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LA BOHEME ****** GIACOMO PUCCINI CAST: Mimi: Anna Netrebko Rodolfo: Rolando Villazon Musetta: Nicole Cabell Marcello: Boaz Daniel Director: Robert Dornhelm La Boheme, one of the most beloved operas ever since its creation in 1896, has always been a work associated with a very special thrill. It does, however, also inspire some high expectations. This 2008 production, directed by Robert Dornhelm, unfortunately did not quite deliver the operatic feast I was so much looking forward to. Now I am not saying it was horrible. In fact I would still consider it good, but definitely not excellent. So please let me shed some light on the all the pros and cons. The fact that this adaptation is presented in the form of a movie made it possible to utilize a much broader spectrum of visual techniques. The scenery, in this particular case the streets of Paris or an empty courtyard with snow falling onto the protagonists, certainly serves to give this project a more interesting dimension. The inside scenes, however, still feel very theatric, as if they were performed on stage. In my opinion not much was undertaken to achieve any level of originality in set design and the lack of novel approach also extends to the props and costumes. As far as the two principal artists are concerned, I will not even bother describing the vocal merits of this production, I think most of us will agree that both Netrebko and Villazon did not become such acclaimed international stars for nothing. Their singing is certainly top-notch, but the acting, alas, could really use some improvement. Villazon’s Rodolfo works great in the sequences involving his comrades, where they horse around, make rowdy jokes and generally provide comic relief from the intensely emotional drama evolving alongside these bohemian scenes. But in those tender moments, when he is singing his heart out to express his love for Mimi, he is simply overdoing it, his facial expressions a bit frantic, even clownish at times. Netrebko generally does manage to convey the tragedy of the terminally ill seamstress, but even her performance appears a little wooden at times, the turmoil of love, passion and despair not quite reaching her eyes. But where it really counts, especially in the last Act, she does succeed in creating an adequately convincing persona, infusing her Heroine with the essence of a woman distraught, tormented, disheveled, yet strangely serene at the same time. We watch her subtle transformation as she finally finds peace and that is probably the most touching part of the whole film. Nicole Cabell portrays Musetta as a rather vulgar, at times cheap and even crude girl, an interpretation I did not really care for. I personally prefer her to be shown as a sensual, intriguing seductress breaking men’s hearts, not a wanton harlot. I think she wanted to come off as mischievous, but might have put just a little bit too much effort into that. All the other singers can be described as very competent: albeit not terribly memorable, they played their parts well. Although this project did not dazzle me with an especially innovative or fresh approach to this beautiful opera, there were two aspects that I would consider worth mentioning. First of all the lyric, dreamy sequences of Rodolfo and Mimi exchanging caresses truly did emphasize their feeling for one another, the sensual side of their love, made it appear more real.  Also the contrast between Mimi with Rodolfo and Musetta with Marcello, the two couples singing alongside one another could not be more pronounced: the looks, the body language, the timbre of voice. Both tragic in their own way, but only one relationship influenced by cruel Fate to the point where there is no redemption, no saving and no happy end, while the other two just throw their good fortune away with both hands… All in all I would still recommend this production, particularly if this is your first viewing of this opera. Dornhelm’s vision, although not spectacular or daring, still represents a solid interpretation of this evergreen classic. But if you are a little more advanced and are seeking something that will knock you off your feet, then I am not sure this will do the trick. One can, however, remain hopeful :-)… BUY ON AMAZON:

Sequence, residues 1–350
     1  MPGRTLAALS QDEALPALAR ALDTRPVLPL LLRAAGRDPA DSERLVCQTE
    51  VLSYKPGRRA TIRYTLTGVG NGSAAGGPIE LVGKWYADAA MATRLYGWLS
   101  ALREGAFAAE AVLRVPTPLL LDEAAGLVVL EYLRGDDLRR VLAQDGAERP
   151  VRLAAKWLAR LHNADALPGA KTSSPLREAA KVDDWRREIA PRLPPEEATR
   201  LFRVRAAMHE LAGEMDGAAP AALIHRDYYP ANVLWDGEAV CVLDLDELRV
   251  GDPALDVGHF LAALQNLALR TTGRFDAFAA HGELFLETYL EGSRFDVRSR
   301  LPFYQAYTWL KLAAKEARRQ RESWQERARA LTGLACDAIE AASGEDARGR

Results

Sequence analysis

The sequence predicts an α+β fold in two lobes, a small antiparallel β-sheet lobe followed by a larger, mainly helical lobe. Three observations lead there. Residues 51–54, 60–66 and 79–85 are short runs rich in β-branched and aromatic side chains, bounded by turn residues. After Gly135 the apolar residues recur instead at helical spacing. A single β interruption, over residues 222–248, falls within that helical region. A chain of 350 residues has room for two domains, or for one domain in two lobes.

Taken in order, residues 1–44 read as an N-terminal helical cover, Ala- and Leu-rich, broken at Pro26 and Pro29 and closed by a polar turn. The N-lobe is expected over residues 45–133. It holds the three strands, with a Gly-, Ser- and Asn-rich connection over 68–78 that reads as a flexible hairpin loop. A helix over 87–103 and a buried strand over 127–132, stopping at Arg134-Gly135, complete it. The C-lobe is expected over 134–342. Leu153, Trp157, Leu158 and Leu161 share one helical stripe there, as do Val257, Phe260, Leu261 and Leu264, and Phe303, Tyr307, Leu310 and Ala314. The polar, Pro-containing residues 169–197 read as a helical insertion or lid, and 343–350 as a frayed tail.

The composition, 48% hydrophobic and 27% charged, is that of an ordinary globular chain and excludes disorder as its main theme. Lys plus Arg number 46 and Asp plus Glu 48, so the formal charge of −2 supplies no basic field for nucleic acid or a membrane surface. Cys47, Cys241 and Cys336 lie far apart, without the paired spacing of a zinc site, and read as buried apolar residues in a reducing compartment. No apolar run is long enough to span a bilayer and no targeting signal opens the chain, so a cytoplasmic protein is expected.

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LA BOHEME ****** GIACOMO PUCCINI CAST: Mimi: Anna Netrebko Rodolfo: Rolando Villazon Musetta: Nicole Cabell Marcello: Boaz Daniel Director: Robert Dornhelm La Boheme, one of the most beloved operas ever since its creation in 1896, has always been a work associated with a very special thrill. It does, however, also inspire some high expectations. This 2008 production, directed by Robert Dornhelm, unfortunately did not quite deliver the operatic feast I was so much looking forward to. Now I am not saying it was horrible. In fact I would still consider it good, but definitely not excellent. So please let me shed some light on the all the pros and cons. The fact that this adaptation is presented in the form of a movie made it possible to utilize a much broader spectrum of visual techniques. The scenery, in this particular case the streets of Paris or an empty courtyard with snow falling onto the protagonists, certainly serves to give this project a more interesting dimension. The inside scenes, however, still feel very theatric, as if they were performed on stage. In my opinion not much was undertaken to achieve any level of originality in set design and the lack of novel approach also extends to the props and costumes. As far as the two principal artists are concerned, I will not even bother describing the vocal merits of this production, I think most of us will agree that both Netrebko and Villazon did not become such acclaimed international stars for nothing. Their singing is certainly top-notch, but the acting, alas, could really use some improvement. Villazon’s Rodolfo works great in the sequences involving his comrades, where they horse around, make rowdy jokes and generally provide comic relief from the intensely emotional drama evolving alongside these bohemian scenes. But in those tender moments, when he is singing his heart out to express his love for Mimi, he is simply overdoing it, his facial expressions a bit frantic, even clownish at times. Netrebko generally does manage to convey the tragedy of the terminally ill seamstress, but even her performance appears a little wooden at times, the turmoil of love, passion and despair not quite reaching her eyes. But where it really counts, especially in the last Act, she does succeed in creating an adequately convincing persona, infusing her Heroine with the essence of a woman distraught, tormented, disheveled, yet strangely serene at the same time. We watch her subtle transformation as she finally finds peace and that is probably the most touching part of the whole film. Nicole Cabell portrays Musetta as a rather vulgar, at times cheap and even crude girl, an interpretation I did not really care for. I personally prefer her to be shown as a sensual, intriguing seductress breaking men’s hearts, not a wanton harlot. I think she wanted to come off as mischievous, but might have put just a little bit too much effort into that. All the other singers can be described as very competent: albeit not terribly memorable, they played their parts well. Although this project did not dazzle me with an especially innovative or fresh approach to this beautiful opera, there were two aspects that I would consider worth mentioning. First of all the lyric, dreamy sequences of Rodolfo and Mimi exchanging caresses truly did emphasize their feeling for one another, the sensual side of their love, made it appear more real.  Also the contrast between Mimi with Rodolfo and Musetta with Marcello, the two couples singing alongside one another could not be more pronounced: the looks, the body language, the timbre of voice. Both tragic in their own way, but only one relationship influenced by cruel Fate to the point where there is no redemption, no saving and no happy end, while the other two just throw their good fortune away with both hands… All in all I would still recommend this production, particularly if this is your first viewing of this opera. Dornhelm’s vision, although not spectacular or daring, still represents a solid interpretation of this evergreen classic. But if you are a little more advanced and are seeking something that will knock you off your feet, then I am not sure this will do the trick. One can, however, remain hopeful :-)… BUY ON AMAZON: